Prevailing trends

With jan/san products thus now a stalwart of the office products industry, what trends do dealers see already here or on the horizon?

”We tend to be five years behind the East and West Coasts, but greener, safer products made with soybean and orange citrus, for example,” says Smith. “Manufacturers are making progress in developing safer chemicals that do an effective job.” Smith also says it seems every chemical company is coming out with a version of a nonbleach cleaner, such as hypochlorous acid. He warns against falling for “smoke and mirrors” from less ethical manufacturers. However, “any time they can come up with one product that covers more areas of cleaning, it is easier to learn,” he says. “So, if you have one product that is a good disinfectant at this dilution rate and a good window cleaner at a different dilution rate, there is less to learn to sell it than having a ton of products.” It also cuts down on inventory space, he says.

Keel suggests online ordering will continue to soar: “There’s so much retirement going on in the industry and new, younger buyers who want to buy online. We go into clients and create a list of what they buy and put it online for them. All they have to do is click on the janitorial list to order what they need. It is much more efficient for the buyer and makes it much easier for them to buy from us. We still have clients that are ‘old school’ and there is nothing wrong with that. But it’s a changing environment and buyers are changing, so you need an online platform that makes it easier for them.”

Smith has also noticed an increase in online ordering—a trend he expects will grow in 2023. “We’ve done a better job with our online ordering and expect to continue to do well and improve it. That said, I may be old fashioned, but I still think personal one-on-one sales are best and create the most loyal customers.”

Many dealers have said the “buy local” movement has helped their office products business, which seems true of jan/san too. “I used to think it didn’t matter,” admits Miller. “But with all the consolidations, now people seem more surprised to find a company that is local and competent than they were one or two years ago.”



When asked for pearls of wisdom to share with office dealers keen to break into or expand in jan/san, Miller attributes his advice to a colleague: “A gentleman I worked with said if you are just starting and go after bigger pieces of business—say $50,000 to $100,000—when you are just starting, they are more complex. If you lose the account, you will feel shut down, like you can’t do this and it’s not the business you want to be in. It whittles away at your confidence. Going after the $1,000 to $2,000 a month business is much more palatable, whether you build from scratch or buy a company.”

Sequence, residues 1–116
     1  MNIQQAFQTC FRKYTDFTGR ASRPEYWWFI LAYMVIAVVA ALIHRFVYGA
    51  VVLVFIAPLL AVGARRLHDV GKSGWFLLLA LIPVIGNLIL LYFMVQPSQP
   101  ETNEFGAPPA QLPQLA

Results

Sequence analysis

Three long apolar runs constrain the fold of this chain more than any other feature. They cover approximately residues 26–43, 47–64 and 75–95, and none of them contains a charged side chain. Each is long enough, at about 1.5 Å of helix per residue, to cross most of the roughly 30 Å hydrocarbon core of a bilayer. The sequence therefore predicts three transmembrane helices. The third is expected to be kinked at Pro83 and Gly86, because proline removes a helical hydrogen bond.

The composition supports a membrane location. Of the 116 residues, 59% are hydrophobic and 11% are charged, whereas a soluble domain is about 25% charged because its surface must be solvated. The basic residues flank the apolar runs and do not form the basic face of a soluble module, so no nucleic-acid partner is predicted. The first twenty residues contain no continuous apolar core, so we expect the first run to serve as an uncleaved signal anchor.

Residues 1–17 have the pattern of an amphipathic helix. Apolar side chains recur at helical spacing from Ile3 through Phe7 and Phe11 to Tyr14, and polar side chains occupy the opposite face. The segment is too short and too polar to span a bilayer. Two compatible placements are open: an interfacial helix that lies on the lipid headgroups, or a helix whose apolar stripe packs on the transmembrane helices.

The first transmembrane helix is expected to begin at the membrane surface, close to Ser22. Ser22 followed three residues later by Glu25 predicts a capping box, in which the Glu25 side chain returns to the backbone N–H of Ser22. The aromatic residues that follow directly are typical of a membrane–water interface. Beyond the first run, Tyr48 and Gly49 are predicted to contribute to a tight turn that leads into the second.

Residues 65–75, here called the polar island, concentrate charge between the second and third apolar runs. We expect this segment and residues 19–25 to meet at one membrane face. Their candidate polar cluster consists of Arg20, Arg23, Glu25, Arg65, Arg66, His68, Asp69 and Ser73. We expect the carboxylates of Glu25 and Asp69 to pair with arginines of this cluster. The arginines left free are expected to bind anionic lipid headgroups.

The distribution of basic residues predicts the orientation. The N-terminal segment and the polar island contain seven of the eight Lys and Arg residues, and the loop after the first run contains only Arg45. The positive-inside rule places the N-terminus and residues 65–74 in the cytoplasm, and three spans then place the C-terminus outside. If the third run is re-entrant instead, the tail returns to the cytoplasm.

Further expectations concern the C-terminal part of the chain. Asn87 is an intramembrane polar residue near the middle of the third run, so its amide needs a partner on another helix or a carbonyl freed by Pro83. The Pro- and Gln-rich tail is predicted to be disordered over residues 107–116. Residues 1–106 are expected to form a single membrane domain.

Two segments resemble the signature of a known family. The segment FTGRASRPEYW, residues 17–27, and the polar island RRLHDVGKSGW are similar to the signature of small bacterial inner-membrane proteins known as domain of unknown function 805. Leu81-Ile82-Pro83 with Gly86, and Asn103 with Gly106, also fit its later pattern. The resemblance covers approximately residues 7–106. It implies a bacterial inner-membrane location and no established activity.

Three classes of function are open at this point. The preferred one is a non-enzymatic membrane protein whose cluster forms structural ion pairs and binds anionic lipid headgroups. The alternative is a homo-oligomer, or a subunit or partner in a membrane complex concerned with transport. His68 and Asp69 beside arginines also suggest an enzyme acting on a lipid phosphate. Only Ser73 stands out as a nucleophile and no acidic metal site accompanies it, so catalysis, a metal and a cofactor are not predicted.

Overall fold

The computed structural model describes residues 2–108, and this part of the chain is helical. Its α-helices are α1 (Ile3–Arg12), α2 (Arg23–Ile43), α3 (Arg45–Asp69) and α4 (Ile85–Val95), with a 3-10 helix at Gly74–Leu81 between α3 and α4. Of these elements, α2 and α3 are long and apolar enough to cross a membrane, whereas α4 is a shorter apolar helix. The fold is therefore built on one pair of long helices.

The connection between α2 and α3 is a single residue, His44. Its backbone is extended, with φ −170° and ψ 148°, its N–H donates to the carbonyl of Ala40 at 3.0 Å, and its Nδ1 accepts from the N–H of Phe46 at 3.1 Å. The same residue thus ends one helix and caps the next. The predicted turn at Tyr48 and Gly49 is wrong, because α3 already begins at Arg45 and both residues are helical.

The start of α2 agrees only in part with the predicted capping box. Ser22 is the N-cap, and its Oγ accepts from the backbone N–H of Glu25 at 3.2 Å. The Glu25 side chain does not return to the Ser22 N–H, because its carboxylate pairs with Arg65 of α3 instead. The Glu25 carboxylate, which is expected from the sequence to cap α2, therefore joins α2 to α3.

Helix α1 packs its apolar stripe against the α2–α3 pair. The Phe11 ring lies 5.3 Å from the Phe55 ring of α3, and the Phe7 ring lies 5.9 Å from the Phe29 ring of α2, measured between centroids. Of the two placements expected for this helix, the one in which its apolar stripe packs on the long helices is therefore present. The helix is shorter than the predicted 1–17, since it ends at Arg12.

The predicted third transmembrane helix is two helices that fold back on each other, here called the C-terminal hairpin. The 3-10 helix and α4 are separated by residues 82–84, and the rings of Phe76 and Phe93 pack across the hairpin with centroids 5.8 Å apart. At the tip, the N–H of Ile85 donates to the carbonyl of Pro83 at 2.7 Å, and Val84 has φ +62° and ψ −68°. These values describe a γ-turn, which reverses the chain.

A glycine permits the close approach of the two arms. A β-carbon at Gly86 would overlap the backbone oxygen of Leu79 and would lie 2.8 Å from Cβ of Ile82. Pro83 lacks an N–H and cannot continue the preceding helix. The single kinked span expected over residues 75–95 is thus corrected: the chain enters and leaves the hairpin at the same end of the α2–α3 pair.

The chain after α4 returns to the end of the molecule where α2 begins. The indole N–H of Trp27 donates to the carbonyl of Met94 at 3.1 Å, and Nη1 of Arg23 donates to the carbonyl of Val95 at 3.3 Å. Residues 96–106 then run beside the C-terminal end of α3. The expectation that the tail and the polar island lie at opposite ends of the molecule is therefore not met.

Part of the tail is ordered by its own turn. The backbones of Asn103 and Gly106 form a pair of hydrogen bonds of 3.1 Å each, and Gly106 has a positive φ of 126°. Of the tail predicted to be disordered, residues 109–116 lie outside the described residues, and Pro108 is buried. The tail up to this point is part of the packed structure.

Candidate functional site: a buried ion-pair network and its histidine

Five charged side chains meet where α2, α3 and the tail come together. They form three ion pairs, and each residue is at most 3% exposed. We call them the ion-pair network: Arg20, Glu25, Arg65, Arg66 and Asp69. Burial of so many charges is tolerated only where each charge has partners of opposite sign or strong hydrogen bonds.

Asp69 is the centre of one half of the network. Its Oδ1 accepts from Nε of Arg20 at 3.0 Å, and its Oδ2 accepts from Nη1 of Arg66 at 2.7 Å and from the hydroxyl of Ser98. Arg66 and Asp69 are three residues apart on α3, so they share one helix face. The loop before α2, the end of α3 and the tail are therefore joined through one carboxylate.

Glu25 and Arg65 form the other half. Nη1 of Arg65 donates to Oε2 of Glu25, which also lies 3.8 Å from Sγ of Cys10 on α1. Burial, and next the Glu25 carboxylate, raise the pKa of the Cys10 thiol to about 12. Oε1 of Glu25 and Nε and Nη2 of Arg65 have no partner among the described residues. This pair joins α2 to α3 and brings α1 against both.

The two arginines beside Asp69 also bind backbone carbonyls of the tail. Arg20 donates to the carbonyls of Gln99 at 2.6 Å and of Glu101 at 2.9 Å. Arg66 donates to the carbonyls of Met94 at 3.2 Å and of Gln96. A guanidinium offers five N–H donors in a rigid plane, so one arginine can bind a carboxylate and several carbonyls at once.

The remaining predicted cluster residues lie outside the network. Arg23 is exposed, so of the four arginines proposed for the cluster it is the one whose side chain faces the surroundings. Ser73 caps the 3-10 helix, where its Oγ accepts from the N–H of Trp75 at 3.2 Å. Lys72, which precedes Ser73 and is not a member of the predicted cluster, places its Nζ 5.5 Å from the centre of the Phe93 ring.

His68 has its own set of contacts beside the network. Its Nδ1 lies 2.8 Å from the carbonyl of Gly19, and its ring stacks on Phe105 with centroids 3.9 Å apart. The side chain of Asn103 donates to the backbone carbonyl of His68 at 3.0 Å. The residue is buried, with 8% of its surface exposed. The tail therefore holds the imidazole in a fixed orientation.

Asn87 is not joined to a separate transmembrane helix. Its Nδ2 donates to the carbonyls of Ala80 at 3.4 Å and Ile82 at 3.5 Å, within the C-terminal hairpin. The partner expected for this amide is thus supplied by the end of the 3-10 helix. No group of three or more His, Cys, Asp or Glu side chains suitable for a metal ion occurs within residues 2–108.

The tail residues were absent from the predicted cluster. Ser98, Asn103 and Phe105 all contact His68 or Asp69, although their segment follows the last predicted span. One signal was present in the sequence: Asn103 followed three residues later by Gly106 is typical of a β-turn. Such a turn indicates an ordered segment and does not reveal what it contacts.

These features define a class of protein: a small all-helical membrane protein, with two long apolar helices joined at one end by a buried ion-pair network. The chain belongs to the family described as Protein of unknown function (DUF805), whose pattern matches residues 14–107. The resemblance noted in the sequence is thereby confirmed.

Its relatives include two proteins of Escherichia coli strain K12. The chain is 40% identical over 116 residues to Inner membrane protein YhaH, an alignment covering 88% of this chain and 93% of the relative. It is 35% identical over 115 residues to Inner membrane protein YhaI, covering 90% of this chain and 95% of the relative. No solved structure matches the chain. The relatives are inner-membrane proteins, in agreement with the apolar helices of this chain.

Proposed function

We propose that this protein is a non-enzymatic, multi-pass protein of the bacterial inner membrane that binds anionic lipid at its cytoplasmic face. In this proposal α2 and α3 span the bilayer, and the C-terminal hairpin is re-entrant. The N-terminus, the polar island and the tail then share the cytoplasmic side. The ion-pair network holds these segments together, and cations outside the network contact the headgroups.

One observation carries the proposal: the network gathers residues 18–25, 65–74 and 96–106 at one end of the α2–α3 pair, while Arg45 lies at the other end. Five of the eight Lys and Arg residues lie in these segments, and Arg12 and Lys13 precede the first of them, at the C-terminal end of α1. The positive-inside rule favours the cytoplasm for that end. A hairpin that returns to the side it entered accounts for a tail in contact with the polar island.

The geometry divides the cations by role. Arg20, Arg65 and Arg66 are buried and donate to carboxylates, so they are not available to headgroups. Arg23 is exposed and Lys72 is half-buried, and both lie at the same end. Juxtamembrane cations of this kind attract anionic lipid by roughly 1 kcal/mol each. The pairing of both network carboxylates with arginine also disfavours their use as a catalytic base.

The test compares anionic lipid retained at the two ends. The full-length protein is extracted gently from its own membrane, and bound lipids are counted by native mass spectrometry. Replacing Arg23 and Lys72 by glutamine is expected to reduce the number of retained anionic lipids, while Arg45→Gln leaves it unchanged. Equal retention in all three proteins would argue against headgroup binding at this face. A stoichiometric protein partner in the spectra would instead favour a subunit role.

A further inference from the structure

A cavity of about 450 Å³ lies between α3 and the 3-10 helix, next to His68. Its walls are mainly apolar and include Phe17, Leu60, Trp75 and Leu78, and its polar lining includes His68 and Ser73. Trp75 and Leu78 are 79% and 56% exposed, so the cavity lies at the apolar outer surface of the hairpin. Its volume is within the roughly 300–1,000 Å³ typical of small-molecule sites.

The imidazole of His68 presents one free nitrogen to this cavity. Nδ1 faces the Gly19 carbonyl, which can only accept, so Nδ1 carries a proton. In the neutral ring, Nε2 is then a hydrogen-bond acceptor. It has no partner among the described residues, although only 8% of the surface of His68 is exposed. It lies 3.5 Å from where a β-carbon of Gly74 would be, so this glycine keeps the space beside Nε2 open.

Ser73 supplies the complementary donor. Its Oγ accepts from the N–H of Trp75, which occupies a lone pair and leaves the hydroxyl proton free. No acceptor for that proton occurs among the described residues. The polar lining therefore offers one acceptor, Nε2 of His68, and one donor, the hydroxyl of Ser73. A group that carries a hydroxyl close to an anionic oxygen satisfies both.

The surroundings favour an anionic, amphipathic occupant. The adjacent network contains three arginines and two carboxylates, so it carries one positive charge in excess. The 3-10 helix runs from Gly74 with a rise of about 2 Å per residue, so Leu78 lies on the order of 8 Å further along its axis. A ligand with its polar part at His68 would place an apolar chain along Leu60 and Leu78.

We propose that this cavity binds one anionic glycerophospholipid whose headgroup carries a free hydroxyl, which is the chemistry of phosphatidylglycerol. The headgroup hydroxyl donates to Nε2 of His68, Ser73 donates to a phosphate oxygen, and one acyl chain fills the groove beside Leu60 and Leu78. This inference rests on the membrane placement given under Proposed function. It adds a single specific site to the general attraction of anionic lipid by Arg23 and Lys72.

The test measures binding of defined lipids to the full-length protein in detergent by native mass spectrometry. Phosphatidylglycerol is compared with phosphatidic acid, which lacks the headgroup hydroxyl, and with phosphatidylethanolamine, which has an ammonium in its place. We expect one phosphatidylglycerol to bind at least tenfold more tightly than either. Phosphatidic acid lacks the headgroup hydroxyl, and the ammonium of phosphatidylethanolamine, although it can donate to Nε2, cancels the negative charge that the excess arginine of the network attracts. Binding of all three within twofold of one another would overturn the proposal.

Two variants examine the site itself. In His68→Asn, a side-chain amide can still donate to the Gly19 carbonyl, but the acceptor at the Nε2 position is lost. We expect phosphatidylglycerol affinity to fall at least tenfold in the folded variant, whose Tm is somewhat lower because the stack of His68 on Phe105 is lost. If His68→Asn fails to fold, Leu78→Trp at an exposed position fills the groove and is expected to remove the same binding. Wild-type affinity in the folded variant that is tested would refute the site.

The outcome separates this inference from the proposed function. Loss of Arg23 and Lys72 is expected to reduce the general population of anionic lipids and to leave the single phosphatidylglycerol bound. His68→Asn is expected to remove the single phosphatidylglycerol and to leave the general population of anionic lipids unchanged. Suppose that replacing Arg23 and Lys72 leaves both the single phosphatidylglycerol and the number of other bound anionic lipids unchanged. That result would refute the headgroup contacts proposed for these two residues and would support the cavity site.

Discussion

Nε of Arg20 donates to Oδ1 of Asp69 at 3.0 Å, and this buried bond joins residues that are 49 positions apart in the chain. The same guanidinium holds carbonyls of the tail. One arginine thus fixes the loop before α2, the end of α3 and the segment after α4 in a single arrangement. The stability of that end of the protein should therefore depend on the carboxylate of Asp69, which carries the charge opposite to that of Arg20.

And Miller has some further practical guidance: “You won’t be able to buy direct until you build up the business, so have a couple of wholesalers—at least two—that, if you show them growth, will support you. Then pay your bills on time. This is very important. It means you need a line of credit and other financial backing. Without it, if you are starting in jan/san, you will just be chasing your tail. Many companies are stretched for cash, so they want longer 60-day terms to pay. You want to give them that flexibility but also pay your supplier. If you can’t do both, it can be a barrier to entry and you’ll be out of the game. You need cash flow, which is the biggest challenge facing dealers no matter what business you are in.”

Miller also recommends doing your homework and choosing suppliers wisely. “Be careful who you partner with,” he counsels. “If I find brands selling a product for less online than to wholesalers and cheaper than I can buy it, why do I want to buy from them? Some brands decide it’s more important to win against other brands at the expense of street business. Go to Amazon and see what cost they are selling products for; if your price is higher, I wouldn’t be interested. You also need to look at your market. When we first started, Georgia Pacific was all over town. Manufacturers want growth, to know it’s a good market for them. They want something in return for partnering with you—market share. It needs to be a win-win for you both to get their support. If Georgia Pacific is already everywhere in the area, it’s not a good partnership for either of us.”

Smith cautions that jan/san and office products are not the same. “Jan/san is a different animal,” he says. “An essential aspect of the business—of any business—is knowing what you are doing. Just as we have to learn office products, you need to be educated in jan/san. Toilet paper, paper towels and trash bag liners are stepping stones. More education needs to take place when you are talking about the chemical side. Align yourself with a chemical company that knows its stuff, offers support and can help you learn about issues like disinfectant kill times. Or take food service disinfectants: if customers use the wrong one, it can damage surfaces and hurt individuals. You need to be educated to talk to your customers.”